Well, the Internet just got smarter about organics, and so can you.
“Transition to Organic” is the name for a expanding
toolkit of online resources from The Rodale Institute. These farmer-centered
- Highlight the benefits of organic farming.
- Assist with decision-making to assess economic risk and potential.
- Show how to convert a farm to meet organic certification standards.
Jeff Moyer, farm manger at the Institute, is your guide as you
learn about the principles and practices of organics in the Transition
to Organics course. You can work at your convenience, in any
order, through modules on soils, crops, livestock, marketing and
certification. Moyer shares his 30 years of experience in pioneering
organic grain systems at the Institute, and invites many other farmers
from across the United States to share the details of their organic
successes and challenges.
We’ve put the Organic
System Plan worksheets (developed by our friends at ATTRA) online,
allowing you to apply the principles in the course to your own farm.
This plan is the first step toward certification, and helps you
organize an orderly consideration of all aspects of farm conversion.
We are privileged to present two of the Midwest’s top livestock
writers this issue… Gearld Fry of Rose Bud, Arkansas, is a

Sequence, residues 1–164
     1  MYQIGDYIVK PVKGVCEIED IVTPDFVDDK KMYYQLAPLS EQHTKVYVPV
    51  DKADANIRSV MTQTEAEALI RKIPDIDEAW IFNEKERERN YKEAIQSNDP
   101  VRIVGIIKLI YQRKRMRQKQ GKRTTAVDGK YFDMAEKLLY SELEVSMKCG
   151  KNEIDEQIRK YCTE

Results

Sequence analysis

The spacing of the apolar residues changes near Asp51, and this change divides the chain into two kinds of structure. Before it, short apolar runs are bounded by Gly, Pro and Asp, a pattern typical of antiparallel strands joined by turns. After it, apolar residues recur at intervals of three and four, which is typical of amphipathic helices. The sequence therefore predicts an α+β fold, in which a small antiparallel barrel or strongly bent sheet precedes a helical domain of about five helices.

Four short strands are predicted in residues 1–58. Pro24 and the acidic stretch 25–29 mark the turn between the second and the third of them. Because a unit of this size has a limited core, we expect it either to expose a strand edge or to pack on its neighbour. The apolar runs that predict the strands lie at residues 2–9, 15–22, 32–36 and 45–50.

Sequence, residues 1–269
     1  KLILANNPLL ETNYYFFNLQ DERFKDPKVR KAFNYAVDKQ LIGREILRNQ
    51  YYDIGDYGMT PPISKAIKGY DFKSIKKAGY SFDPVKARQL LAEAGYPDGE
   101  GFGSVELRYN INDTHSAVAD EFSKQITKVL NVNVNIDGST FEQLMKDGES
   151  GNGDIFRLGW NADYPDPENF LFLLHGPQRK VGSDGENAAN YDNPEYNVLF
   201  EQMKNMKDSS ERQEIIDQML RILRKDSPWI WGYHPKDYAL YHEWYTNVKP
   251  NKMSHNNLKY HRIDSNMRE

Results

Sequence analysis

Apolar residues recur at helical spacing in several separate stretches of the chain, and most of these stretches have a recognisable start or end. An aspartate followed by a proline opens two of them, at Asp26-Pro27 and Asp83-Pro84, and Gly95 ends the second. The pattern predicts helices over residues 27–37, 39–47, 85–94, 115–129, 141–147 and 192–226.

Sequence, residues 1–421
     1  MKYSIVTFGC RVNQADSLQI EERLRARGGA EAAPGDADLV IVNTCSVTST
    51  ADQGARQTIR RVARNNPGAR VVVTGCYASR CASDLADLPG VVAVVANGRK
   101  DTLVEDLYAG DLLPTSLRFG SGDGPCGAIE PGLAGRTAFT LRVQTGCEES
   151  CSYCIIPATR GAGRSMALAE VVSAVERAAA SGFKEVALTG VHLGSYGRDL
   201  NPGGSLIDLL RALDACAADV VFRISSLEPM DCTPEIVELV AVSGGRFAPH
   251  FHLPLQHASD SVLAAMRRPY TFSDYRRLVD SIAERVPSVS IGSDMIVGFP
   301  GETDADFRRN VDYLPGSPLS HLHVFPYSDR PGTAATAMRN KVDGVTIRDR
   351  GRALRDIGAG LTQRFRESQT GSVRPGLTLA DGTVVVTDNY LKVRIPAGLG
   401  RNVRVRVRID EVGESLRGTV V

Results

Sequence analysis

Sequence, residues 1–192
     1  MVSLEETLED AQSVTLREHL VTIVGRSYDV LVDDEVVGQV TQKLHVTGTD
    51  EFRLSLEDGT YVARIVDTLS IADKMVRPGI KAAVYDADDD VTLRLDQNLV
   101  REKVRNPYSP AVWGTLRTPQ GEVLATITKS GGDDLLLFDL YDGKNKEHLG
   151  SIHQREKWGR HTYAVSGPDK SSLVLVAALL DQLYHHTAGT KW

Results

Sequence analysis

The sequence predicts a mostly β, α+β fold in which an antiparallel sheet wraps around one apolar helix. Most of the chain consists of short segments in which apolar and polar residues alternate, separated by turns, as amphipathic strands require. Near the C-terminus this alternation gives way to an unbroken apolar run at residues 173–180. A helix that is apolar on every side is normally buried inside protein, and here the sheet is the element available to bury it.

veteran livestock breeding specialist, honing in on basic nutrition
and selective breeding for success on pasture. He shouts a wake-up
call for cattle producers to turn away from several generations
of wrong-headed trends to claim what knowledge remains on how to
breed healthy, resilient animals… No one has spent more time
in small-town sale barns, at poultry swaps or on out-back hog farms
than eastern Missouri’s Kelly Klober. He’s tickled to
document the resurgence of tightly-crafted hog enterprises that
fit snugly among other parts of mixed-type farms, focusing on thrifty
traditional breeds for direct sale as top-quality meat or coveted
market hogs destined for the show ring.
Debt to Scotland:
Besides a photo of a winsome Scottish Berkshire barrow in Klober’s
story, farmer Chuck Smith of Kentucky reports success with a traditional
Scottish breed of sheep, Border Cheviots. They tend his vineyard
and charm visitors to his on-farm meals and wine cellar.
Yes, we face a pile of uncertainties in 2008. But learning new
ways (and re-discovering old ways) to grow healthier, tougher, smarter
animals for caring, well-informed customers is a great way to improve
coping skills and resilience of farmers and the communities who
depend on—and support—them.